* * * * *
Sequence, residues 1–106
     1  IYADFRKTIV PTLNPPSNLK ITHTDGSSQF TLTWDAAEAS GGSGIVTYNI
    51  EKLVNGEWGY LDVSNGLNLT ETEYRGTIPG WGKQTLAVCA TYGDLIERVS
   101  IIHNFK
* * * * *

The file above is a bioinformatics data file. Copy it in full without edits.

Sequence, residues 1–106
     1  IYADFRKTIV PTLNPPSNLK ITHTDGSSQF TLTWDAAEAS GGSGIVTYNI
    51  EKLVNGEWGY LDVSNGLNLT ETEYRGTIPG WGKQTLAVCA TYGDLIERVS
   101  IIHNFK